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Google layoffs impact robots too, company shuts automaton project: Report

It seems like even robots are not immune to the widespread massive layoffs by tech giants.

According to a report in Wired, Google is pulling the plug on Everyday Robots – a company which developed and trained over 100 robots to carry out tasks like differentiating trash, opening doors, replacing missing chairs and cleaning the tables. The subsidiary was under Google’s parent company Alphabet’s ‘moonshot project’ X. Quoting a spokesperson, the report added that although Everyday Robots will cease to exist as a distinct team, some of the employees and technology will continue to be a part of Google’s other robotics projects.

According to the X website, the automatons were developed as a ‘general purpose’ robot which depended on cameras and machine learning to perform the tasks in an ‘everyday human environment’. The technology also incorporated language models similar to the one operating behind ChatGPT so it could accommodate snack requests and other daily demands from employees.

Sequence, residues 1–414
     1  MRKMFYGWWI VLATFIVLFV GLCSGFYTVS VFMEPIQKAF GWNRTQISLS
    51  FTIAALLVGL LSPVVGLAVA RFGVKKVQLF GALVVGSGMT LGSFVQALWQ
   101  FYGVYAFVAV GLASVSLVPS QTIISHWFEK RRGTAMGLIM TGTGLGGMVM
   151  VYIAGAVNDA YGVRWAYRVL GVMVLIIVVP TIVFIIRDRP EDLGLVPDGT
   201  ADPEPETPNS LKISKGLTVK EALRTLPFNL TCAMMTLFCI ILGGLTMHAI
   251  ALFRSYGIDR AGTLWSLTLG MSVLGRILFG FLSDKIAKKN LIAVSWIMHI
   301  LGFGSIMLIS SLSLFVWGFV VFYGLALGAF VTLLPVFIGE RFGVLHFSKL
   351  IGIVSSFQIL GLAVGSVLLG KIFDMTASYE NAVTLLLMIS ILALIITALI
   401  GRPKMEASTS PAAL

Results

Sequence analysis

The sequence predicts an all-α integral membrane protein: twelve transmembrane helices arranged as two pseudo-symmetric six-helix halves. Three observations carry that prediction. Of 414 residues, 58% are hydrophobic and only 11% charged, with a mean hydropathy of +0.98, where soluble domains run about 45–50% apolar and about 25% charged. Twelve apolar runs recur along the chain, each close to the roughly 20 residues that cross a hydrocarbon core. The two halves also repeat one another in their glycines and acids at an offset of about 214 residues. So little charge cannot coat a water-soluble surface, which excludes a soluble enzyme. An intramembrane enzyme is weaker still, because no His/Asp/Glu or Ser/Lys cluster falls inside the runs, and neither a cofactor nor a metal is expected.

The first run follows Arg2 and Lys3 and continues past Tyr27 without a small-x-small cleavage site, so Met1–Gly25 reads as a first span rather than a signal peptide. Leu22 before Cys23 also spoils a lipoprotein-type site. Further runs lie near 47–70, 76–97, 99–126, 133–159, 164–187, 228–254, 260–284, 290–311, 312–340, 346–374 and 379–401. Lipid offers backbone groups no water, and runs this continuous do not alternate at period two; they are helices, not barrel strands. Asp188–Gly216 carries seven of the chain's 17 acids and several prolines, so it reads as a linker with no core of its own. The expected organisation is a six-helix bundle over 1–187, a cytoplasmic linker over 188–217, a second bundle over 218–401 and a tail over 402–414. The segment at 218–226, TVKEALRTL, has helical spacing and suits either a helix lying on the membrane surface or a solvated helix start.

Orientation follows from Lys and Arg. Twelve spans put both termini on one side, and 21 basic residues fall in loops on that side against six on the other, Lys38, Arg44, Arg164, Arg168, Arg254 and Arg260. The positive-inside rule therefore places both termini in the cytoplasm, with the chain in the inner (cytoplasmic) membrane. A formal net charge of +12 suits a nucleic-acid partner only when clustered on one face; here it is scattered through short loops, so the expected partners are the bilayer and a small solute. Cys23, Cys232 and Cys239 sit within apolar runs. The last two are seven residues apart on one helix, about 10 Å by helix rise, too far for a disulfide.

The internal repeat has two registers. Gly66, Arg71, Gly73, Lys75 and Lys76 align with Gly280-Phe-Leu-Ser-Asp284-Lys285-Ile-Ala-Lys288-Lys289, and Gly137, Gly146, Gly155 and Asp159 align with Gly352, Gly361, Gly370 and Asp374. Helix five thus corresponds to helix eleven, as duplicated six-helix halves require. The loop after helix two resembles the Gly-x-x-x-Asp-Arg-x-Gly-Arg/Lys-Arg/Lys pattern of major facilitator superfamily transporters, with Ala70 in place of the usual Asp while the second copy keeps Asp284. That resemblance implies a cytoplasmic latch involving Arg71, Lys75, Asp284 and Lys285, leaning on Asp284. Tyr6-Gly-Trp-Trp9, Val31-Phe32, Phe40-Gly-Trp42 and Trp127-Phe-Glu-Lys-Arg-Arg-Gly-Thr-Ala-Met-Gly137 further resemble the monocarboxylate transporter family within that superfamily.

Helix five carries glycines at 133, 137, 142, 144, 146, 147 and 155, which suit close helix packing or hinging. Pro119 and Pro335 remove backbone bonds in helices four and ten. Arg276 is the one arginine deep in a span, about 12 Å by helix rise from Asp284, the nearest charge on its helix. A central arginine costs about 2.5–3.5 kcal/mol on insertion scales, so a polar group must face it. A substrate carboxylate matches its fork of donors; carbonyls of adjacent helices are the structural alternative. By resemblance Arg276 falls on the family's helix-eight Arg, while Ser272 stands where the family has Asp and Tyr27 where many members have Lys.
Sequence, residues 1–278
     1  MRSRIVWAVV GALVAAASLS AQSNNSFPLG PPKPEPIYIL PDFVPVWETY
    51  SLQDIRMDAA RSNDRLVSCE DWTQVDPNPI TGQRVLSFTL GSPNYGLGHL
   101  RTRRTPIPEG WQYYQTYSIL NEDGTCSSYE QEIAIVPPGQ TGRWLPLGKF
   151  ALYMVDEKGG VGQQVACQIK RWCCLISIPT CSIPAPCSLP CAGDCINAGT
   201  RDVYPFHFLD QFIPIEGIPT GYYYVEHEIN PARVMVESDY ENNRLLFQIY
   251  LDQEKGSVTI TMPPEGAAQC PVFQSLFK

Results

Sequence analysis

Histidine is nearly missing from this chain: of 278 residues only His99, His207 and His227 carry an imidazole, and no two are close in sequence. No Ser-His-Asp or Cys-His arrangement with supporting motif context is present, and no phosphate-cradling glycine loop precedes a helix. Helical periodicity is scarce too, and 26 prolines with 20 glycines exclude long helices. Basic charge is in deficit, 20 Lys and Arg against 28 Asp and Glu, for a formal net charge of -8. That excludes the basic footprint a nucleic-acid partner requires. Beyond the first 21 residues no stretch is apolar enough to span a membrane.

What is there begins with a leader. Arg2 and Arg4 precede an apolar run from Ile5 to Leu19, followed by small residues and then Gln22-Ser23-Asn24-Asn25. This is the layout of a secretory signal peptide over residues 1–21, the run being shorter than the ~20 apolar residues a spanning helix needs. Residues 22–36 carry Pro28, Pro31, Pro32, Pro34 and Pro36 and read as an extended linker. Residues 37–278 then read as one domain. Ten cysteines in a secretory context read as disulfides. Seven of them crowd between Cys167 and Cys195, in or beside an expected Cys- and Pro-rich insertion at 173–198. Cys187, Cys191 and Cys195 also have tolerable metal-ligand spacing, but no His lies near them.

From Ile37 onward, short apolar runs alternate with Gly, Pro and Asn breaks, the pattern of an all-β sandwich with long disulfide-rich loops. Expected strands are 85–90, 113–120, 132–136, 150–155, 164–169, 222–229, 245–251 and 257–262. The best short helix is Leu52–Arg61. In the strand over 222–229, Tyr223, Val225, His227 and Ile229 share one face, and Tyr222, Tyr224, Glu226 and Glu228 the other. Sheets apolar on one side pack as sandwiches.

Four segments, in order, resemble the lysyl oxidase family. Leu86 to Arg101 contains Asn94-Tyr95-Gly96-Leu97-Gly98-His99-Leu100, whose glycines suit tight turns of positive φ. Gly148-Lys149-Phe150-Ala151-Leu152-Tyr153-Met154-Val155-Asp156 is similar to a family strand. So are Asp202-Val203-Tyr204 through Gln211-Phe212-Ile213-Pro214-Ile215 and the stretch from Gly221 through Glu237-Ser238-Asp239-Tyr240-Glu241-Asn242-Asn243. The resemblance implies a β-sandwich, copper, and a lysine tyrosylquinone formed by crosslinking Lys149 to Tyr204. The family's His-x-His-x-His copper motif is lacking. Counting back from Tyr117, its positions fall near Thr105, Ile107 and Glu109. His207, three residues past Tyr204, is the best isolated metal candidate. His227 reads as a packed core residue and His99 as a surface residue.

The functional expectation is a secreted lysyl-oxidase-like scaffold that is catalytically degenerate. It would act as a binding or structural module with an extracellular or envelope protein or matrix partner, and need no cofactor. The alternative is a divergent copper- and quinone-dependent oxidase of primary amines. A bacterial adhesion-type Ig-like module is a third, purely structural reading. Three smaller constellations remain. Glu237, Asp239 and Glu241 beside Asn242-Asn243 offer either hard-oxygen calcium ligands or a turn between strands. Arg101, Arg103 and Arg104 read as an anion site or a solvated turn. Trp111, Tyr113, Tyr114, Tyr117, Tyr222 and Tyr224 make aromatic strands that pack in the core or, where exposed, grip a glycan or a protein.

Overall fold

The report stated that the robotics arm was shut as part of the company’s budget cuts announced by CEO Sundar Pichai in January, which included slashing nearly 12,000 jobs.

According to an ex-employee, the Everyday Robots’ team members lacked clarity from the beginning on whether the goal was to develop advanced technology or create a consumer product. Experts found that each robot cost the company approximately tens of thousands of dollars.

Last week, a CNBC report stated that Google had asked its cloud employees and partners to share desks and alternate days with their deskmates from the next quarter at the offices in the United States- New York City, San Fransisco, Seattle, Sunnyvale in California and Kirkland in Washington.

The new system, which expects some buildings to be vacated, is being implemented so that the company can continue to invest in Cloud’s growth. Employees are expected to report to the office on alternate days to avoid clash of desks.

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